Reform, Masorti movements to hold prayer services at upper Western Wall plaza

In June, the Reform and Masorti movements held a mixed gender service at the Western Wall to underline their dissatisfaction with the government’s failure to move forward on this issue.

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July 3, 2016 18:25
3 minute read.
The Kotel

ULTRA-ORTHODOX MEN walk past soldiers at the Kotel in Jerusalem. (photo credit: REUTERS)

 
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In a step designed to heap more pressure on the government, progressive Jewish groups have announced that they will hold prayer services in the upper plaza of the Western Wall until the government-approved plan for an egalitarian prayer space at the site is implemented.

On June 16, the Reform and Masorti movements held a mixed-gender service at the Western Wall to underline their dissatisfaction with the government’s failure to move forward on this issue, leading to fierce protests.

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But the progressive Jewish movements now say they will hold regular such services in the upper plaza until the agreement to create a large, state-recognized egalitarian prayer space at the southern end of the Western Wall is carried out.

On Monday, at the initiative of the Hartman Institute, a pluralist education organization, an afternoon pluralist prayer service will be held at the Western Wall and will be led by President of the Reform Movement in North America Rabbi Rick Jacobs, together with Rabbi Donniel Hartman, head of the institute, and others pluralist leaders.

On Thursday morning, the Reform and Masorti (Conservative) Movements will hold a morning prayer service in the upper plaza.

The upper plaza in the main Western Wall complex is a public space and can legally be used for prayer services, including egalitarian prayer, but the haredi and national-religious opponents are extremely hostile to anything other than Orthodox prayer at this area of the site.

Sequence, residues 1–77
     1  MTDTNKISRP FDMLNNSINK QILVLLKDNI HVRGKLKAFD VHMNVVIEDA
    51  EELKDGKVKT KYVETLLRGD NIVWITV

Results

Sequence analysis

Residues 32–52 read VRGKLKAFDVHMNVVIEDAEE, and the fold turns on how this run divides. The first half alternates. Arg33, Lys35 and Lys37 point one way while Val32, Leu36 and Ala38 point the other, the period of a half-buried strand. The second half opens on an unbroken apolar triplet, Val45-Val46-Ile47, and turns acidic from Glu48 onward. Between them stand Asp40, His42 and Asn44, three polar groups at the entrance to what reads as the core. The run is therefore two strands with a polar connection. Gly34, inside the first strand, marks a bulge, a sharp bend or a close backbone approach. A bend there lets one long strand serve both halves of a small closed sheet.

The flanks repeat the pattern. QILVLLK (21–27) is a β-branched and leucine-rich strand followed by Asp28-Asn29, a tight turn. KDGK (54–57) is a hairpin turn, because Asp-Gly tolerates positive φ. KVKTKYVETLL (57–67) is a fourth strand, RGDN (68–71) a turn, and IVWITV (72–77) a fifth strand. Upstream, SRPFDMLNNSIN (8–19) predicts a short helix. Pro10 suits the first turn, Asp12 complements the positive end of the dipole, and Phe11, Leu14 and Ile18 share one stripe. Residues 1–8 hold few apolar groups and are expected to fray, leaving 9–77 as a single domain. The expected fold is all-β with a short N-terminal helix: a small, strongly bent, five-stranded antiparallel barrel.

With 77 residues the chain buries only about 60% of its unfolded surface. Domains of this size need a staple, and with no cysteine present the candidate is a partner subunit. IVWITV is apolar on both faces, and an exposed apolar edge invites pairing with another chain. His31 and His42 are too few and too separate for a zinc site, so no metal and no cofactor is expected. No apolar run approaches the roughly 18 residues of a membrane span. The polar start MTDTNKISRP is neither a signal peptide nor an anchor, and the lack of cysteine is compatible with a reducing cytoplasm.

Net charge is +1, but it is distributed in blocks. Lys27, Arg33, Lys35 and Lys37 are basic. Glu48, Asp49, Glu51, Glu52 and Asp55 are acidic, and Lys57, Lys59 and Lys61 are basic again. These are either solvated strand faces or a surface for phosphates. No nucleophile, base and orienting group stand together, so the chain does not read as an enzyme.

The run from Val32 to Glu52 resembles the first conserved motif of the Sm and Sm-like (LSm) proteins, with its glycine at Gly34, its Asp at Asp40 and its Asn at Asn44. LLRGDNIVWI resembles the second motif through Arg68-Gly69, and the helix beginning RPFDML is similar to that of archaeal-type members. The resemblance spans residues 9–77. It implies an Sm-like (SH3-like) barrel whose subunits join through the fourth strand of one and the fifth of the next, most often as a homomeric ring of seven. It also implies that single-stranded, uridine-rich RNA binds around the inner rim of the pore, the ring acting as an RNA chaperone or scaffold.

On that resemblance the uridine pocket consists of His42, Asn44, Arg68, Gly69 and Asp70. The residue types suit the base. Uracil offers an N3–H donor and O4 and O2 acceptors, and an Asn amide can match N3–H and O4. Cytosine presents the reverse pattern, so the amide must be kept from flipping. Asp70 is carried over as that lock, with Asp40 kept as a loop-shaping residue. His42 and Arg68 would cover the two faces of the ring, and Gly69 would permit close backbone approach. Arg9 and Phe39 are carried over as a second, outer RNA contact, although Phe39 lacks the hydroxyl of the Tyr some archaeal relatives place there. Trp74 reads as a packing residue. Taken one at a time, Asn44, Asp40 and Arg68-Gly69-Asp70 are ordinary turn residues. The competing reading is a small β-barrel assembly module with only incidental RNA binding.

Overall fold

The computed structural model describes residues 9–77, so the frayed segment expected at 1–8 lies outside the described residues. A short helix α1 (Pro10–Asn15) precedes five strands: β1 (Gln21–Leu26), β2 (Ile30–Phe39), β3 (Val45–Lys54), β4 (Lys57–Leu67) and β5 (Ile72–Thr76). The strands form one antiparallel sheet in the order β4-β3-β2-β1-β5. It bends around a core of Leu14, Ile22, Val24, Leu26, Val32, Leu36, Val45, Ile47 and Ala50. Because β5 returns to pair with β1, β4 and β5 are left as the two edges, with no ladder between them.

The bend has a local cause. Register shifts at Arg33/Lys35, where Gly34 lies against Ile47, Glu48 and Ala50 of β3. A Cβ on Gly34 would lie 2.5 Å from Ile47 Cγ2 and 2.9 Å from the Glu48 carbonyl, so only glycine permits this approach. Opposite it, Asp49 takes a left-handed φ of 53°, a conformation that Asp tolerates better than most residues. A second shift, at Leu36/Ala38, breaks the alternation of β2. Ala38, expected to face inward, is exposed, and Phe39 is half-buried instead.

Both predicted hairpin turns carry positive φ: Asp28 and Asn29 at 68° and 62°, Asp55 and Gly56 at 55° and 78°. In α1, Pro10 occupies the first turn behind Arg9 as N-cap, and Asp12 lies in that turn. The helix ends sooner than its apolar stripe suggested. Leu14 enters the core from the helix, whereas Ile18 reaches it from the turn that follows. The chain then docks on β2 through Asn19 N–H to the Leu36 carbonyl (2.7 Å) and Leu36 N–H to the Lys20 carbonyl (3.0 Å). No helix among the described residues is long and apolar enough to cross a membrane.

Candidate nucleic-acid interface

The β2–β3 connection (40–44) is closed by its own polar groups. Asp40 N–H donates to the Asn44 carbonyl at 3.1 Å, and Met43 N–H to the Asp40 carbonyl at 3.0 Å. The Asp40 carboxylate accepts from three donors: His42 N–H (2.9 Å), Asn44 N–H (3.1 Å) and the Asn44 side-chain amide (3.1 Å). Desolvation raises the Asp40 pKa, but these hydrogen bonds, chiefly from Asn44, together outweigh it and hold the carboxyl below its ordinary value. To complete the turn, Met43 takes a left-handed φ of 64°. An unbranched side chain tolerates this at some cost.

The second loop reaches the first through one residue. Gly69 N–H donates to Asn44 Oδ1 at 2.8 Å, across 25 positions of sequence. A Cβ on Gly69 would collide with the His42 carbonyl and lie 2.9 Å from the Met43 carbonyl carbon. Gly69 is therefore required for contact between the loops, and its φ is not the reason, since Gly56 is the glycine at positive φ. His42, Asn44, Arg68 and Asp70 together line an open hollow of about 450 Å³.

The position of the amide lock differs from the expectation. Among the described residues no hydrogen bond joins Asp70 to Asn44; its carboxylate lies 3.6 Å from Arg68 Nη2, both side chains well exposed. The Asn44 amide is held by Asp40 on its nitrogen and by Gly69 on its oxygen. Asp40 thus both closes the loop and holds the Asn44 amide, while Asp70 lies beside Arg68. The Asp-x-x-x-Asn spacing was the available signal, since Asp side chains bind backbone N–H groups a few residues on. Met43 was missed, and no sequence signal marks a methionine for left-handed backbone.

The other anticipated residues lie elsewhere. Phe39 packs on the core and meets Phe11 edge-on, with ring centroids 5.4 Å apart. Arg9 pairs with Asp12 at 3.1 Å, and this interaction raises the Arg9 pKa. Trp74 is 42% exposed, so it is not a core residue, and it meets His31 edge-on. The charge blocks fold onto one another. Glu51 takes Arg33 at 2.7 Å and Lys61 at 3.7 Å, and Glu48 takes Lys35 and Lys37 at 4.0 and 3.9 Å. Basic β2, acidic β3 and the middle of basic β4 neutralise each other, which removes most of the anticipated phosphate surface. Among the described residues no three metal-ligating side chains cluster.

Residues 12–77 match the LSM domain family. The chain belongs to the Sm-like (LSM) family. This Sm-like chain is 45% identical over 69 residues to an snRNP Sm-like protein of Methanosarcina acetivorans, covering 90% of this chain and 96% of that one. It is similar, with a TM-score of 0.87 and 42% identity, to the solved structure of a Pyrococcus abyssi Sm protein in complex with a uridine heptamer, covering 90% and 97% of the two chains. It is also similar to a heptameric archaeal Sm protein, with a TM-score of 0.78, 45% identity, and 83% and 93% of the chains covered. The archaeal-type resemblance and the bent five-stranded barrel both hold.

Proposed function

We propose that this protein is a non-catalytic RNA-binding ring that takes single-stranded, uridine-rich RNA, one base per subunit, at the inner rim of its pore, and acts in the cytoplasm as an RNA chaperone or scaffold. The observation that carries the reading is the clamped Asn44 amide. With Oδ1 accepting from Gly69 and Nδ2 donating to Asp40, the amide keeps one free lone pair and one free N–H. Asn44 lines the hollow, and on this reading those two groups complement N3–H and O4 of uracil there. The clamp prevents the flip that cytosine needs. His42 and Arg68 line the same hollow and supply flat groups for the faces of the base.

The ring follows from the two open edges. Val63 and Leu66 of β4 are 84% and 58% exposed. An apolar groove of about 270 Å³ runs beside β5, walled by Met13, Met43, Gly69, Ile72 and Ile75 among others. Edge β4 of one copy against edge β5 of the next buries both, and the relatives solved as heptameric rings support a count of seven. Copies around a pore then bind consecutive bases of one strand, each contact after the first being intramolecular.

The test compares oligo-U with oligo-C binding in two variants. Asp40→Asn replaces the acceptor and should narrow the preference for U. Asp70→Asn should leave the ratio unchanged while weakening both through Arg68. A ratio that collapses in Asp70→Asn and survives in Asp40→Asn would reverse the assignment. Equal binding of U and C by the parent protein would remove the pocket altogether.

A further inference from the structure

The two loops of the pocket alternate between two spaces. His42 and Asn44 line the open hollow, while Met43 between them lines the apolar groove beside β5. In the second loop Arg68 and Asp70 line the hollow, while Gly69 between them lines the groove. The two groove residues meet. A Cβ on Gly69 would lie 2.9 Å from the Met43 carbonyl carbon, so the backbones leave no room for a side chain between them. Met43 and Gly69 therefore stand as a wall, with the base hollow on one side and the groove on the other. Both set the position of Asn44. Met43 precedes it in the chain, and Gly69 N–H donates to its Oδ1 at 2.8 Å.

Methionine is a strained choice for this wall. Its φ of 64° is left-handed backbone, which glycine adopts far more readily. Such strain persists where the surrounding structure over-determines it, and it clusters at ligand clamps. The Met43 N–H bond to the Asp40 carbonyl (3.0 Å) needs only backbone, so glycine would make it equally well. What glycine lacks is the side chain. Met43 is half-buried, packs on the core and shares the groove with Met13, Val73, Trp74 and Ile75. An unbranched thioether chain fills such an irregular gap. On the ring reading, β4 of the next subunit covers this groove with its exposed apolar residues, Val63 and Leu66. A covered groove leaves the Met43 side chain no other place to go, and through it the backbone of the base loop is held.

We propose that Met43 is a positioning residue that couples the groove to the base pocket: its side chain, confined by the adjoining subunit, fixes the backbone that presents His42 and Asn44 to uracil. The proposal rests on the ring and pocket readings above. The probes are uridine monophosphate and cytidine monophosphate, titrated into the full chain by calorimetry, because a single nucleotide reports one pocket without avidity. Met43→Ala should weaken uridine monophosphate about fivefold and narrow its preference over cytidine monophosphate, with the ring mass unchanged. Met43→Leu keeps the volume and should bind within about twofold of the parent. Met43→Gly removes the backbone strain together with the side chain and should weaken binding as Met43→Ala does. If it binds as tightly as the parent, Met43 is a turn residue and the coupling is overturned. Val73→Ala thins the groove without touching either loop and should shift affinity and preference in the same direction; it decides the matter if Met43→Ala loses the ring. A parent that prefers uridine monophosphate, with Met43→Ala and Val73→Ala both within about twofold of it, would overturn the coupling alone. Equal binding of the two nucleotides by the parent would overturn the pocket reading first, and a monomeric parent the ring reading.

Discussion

Last week, chief Rabbis David Lau and Yitzhak Yosef together with leaders of the haredi political parties met with Prime Minister Benjamin Netanyahu and demanded again that there be no governmental recognition of non-Orthodox prayer rights at the Western Wall.

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A plan approved in January this year stipulated that a current egalitarian prayer section at the southern end of the Western Wall be greatly expanded and be granted formal government recognition as a site reserved for pluralist prayer.

The haredi parties allowed the agreement to pass, although they voted against it, but have since backtracked on this stance and are now opposing any accommodation for progressive Jews at the site.

“For three years, the government of Israel conducted negotiations for an arrangement at the Western Wall, and we negotiated in good faith,” said Yizhar Hess, director of the Masorti Movement in Israel.

“We conceded on many issues, including things that perhaps should not have been compromised, and the agreement was signed. The government of Israel voted on it and approved it, but now is simply not implementing it.

“Therefore we are forced to go back to our original demand, an egalitarian, pluralist prayer section next to the men’s and women’s sections at the Western Wall. Our prayer services will be conducted on a regular basis and in the end, as happened with the Women of the Wall, such services will become the custom of the site.”
“For three years, the government of Israel conducted negotiations for an arrangement at the Western Wall, and we negotiated in good faith,” said Yizhar Hess, director of the Masorti Movement in Israel.

“We conceded on many issues, including things that perhaps should not have been compromised, and the agreement was signed. The government of Israel voted on it and approved it, but now is simply not implementing it.

“Therefore we are forced to go back to our original demand, an egalitarian, pluralist prayer section next to the men and women’s sections at the Western Wall. Our prayer services will be conducted on a regular basis and in the end, as happened with the Women of the Wall, such services will become the custom of the site.”

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